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Marren Akatsa-Bukachi

30 September 2005
I am the Executive Director of the Eastern African sub-regional support Initiative for Women (EASSI) based in Kampala Uganda. EASSI was formed in 1996 as a facility to monitor how governments in the sub region were implementing the Beijing Platforms for Action.

Before I joined EASSI in June 2004, I was a Programme Officer for Good Governance, Human Rights and later on Gender, at the Royal Netherlands Embassy in Nairobi. I joined the Embassy after working for four years as a civic educator with the Institute for Education in Democracy in Kenya. I mainly educated the youth on their rights and responsibilities, and trained election monitors.

Working at the embassy was tame compared to what I had been doing before and I began to feel restless as my activism could not be overtly displayed.  I wanted to be out in the field making a difference, not just disbursing funds and waiting for reports. In June 2004 I joined EASSI which is a woman focused organization. EASSI's work focuses on women's poverty at the household level and how this can be eradicated. The Millennium Development Goals look unreachable by 2015 unless they are scaled down to the household level where poverty is most acute.

Another area of concern for EASSI is conflict, and the lack of space for women's organizing. Our sub-region is replete with major and minor conflicts and bodies have been put up by governments to mediate conflicts. Women are not key players in these bodies yet they are the main victims during conflict situations.

Apart from that I am personally interested in women's political participation as a result of my experience in monitoring elections in Kenya, where women experienced both physical and verbal violence. I want to see women politicians recognised as political players and not 'women' political players. In a situation of insecurity many women will prefer not to play any role in politics whether as voters or as candidates.  I would like to see more of this subject debated.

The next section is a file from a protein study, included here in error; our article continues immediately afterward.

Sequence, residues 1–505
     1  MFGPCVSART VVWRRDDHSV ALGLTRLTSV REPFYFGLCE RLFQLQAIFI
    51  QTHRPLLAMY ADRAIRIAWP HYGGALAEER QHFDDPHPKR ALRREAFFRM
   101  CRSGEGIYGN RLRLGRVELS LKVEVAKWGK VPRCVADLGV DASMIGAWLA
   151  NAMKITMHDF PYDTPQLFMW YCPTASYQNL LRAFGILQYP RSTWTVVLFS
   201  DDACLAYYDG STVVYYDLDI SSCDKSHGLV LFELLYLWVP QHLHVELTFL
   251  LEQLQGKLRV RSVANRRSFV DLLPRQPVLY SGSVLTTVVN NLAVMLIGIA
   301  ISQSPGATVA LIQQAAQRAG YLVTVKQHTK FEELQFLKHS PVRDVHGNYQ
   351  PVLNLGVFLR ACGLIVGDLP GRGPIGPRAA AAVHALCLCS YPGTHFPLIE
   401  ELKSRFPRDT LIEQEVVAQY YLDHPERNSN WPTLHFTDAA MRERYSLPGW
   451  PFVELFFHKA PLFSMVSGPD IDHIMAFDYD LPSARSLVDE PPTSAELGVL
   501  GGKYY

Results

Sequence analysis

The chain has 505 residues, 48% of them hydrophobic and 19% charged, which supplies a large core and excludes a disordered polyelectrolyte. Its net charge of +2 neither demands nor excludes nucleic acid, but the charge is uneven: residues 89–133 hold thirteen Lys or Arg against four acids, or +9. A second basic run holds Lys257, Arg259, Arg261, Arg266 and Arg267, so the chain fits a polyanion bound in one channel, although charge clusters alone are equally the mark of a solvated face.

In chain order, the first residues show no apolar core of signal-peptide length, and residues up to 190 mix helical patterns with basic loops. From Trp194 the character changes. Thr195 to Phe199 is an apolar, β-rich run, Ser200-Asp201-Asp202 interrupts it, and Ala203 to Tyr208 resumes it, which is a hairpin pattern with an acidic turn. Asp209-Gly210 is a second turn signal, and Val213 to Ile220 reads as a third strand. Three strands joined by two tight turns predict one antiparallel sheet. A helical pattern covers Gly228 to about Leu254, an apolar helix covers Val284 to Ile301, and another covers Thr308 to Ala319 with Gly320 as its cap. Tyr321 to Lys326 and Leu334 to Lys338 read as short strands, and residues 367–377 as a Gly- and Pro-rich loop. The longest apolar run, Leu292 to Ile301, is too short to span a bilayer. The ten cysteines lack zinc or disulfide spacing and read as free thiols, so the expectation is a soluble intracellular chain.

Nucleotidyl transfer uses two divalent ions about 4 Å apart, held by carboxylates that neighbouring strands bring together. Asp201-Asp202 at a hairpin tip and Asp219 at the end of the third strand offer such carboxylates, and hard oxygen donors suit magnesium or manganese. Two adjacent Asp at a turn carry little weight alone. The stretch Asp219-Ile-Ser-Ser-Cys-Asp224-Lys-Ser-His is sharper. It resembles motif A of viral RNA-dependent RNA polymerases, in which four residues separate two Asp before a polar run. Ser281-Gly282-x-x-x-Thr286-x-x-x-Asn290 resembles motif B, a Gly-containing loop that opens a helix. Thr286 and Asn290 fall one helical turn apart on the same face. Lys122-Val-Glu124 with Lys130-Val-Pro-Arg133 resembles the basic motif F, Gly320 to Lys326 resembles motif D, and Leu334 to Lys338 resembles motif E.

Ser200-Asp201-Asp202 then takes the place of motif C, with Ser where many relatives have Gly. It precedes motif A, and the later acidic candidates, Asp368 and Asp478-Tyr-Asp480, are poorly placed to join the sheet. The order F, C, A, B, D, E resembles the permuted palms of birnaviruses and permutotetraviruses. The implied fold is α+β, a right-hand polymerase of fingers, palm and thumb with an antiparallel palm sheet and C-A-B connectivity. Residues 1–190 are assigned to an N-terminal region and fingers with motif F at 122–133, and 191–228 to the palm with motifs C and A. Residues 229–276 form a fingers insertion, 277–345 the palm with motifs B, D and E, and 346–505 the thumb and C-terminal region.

Stop the secrecy: Publish the NHS COVID data deals


To: Matt Hancock, Secretary of State for Health and Social Care

We’re calling on you to immediately release details of the secret NHS data deals struck with private companies, to deliver the NHS COVID-19 datastore.

We, the public, deserve to know exactly how our personal information has been traded in this ‘unprecedented’ deal with US tech giants like Google, and firms linked to Donald Trump (Palantir) and Vote Leave (Faculty AI).

The COVID-19 datastore will hold private, personal information about every single one of us who relies on the NHS. We don’t want our personal data falling into the wrong hands.

And we don’t want private companies – many with poor reputations for protecting privacy – using it for their own commercial purposes, or to undermine the NHS.

The datastore could be an important tool in tackling the pandemic. But for it to be a success, the public has to be able to trust it.

Today, we urgently call on you to publish all the data-sharing agreements, data-impact assessments, and details of how the private companies stand to profit from their involvement.

The NHS is a precious public institution. Any involvement from private companies should be open to public scrutiny and debate. We need more transparency during this pandemic – not less.


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